A €22.50/hd charge for removing TB reactors from herds and the abolition of independent valuations are among a raft of changes proposed by the Department of Agriculture for the TB eradication scheme.
Independent valuations would be abolished in cases where there is only one reactor in the herd.
The proposals were tabled 'for discussion' by Department officials at a meeting with the farm organisations last week.
The talks were called to identify how the TB eradication scheme costs could be trimmed.
The proposals tabled included suggestions that:
1.Passports would no longer be taken up from restricted herds and the test dates would no longer be inserted on passports;
2.The practice of stamping passports "for slaughter only" in the case of certain restricted herds would be discontinued;
3.Passports would no longer be collected from herds which were being restricted due to factory lesions;
4.The practice of issuing movement permits for 'clear' cattle in reactor herds would be discontinued;
5.Technical staff would no longer visit breakdowns with one reactor unless deemed necessary;
6.On-farm valuations would be confined to breakdowns of two reactors or more;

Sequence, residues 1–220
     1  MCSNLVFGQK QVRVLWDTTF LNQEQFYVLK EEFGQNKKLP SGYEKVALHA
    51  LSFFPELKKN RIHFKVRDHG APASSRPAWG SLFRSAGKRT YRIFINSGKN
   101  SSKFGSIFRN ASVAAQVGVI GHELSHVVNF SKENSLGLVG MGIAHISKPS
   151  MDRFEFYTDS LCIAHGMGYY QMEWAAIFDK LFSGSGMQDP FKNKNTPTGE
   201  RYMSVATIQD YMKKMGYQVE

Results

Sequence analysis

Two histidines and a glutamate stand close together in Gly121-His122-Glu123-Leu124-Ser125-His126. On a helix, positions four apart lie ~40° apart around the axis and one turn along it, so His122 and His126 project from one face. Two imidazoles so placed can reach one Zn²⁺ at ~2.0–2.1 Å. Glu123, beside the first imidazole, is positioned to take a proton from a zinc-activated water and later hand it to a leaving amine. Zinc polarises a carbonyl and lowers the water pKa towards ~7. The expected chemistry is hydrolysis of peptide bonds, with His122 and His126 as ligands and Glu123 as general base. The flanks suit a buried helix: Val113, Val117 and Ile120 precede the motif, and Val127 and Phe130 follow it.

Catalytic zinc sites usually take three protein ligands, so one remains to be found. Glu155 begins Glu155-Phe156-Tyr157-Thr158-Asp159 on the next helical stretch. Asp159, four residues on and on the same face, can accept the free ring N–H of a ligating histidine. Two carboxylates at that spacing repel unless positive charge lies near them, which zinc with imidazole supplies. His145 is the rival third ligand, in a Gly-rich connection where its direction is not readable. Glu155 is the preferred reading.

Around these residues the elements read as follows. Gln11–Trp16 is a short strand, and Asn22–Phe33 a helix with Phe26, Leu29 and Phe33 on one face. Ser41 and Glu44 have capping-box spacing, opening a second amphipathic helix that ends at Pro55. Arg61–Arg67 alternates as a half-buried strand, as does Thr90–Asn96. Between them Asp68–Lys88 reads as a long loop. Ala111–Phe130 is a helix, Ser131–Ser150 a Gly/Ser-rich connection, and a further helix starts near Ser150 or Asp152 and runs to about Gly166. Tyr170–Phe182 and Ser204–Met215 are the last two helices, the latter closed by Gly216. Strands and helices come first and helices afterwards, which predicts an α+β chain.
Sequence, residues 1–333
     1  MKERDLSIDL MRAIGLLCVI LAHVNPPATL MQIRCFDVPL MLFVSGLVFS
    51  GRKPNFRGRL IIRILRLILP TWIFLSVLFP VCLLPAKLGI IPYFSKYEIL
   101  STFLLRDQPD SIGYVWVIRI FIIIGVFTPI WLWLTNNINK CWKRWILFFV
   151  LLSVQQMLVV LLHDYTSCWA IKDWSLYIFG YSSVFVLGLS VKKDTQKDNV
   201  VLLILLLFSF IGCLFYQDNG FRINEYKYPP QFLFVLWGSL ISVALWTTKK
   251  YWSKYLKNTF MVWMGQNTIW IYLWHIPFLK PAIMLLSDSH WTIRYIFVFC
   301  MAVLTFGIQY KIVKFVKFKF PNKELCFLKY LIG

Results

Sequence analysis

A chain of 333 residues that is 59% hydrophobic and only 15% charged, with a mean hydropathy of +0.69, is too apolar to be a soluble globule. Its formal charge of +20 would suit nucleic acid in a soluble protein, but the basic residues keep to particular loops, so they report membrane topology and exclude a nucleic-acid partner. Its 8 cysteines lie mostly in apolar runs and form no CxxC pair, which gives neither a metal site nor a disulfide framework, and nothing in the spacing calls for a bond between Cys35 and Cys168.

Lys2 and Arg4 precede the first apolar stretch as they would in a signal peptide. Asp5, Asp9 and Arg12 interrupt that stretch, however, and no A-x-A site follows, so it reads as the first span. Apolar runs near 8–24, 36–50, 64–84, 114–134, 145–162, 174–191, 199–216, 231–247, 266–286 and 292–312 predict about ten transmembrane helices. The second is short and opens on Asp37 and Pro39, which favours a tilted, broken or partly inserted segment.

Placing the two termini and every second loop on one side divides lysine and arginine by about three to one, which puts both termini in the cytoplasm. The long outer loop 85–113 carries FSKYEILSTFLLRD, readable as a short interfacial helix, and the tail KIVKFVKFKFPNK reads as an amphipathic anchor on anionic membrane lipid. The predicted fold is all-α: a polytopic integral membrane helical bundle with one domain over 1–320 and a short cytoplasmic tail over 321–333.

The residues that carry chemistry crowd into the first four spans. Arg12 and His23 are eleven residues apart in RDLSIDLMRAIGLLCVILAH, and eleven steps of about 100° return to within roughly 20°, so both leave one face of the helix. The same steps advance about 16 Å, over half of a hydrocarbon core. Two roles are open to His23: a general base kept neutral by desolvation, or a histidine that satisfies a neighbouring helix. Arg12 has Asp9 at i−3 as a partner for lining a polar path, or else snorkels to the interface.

7.The Department would examine electronic means of obtaining weekly prices for non-breeding cattle;
8.The Department would introduce a charge of €22.50/hd for the collection of reactors;
9.The refund of the disease levies, inspection fees in the case of reactors would be discontinued.
Reacting to the proposals, ICMSA deputy president Pat McCormack said the changes would impose additional costs on those farmers unfortunate enough to have TB reactors in their herds.
"At the meeting, the Department informed ICMSA that they intend to introduce a charge of €22.50 per head for the removal of reactors and that they also intend to charge the normal levies on these cattle, which up to now has not been the case.
These decisions are simply not acceptable given that -- in the case of reactors -- it is a forced removal of stock and farmers simply cannot be expected to carry these additional costs," Mr McCormack said.
"ICMSA is also opposed to the proposal to discontinue the practice of recording the TB test result on the blue card.
"This is a hugely valuable piece of information for farmers who are both selling and buying cattle and it would be a seriously retrograde step to discontinue this practice," he added.
Meanwhile, the proposal to abolish independent valuations of infected cattle where there was only one reactor was described as "unacceptable" by John Barron of the ICSA.
"Independent valuation of all reactors is a core principle of the TB eradication scheme which farmers fought hard to secure. It simply cannot be eroded in any way," Mr Barron said.
"I also have a serious problem with the idea that farmers would face a new, additional charge of €22.50 per head for the collection of reactors, which the Department says is equivalent to half the cost to them of the transport of the animals," he said.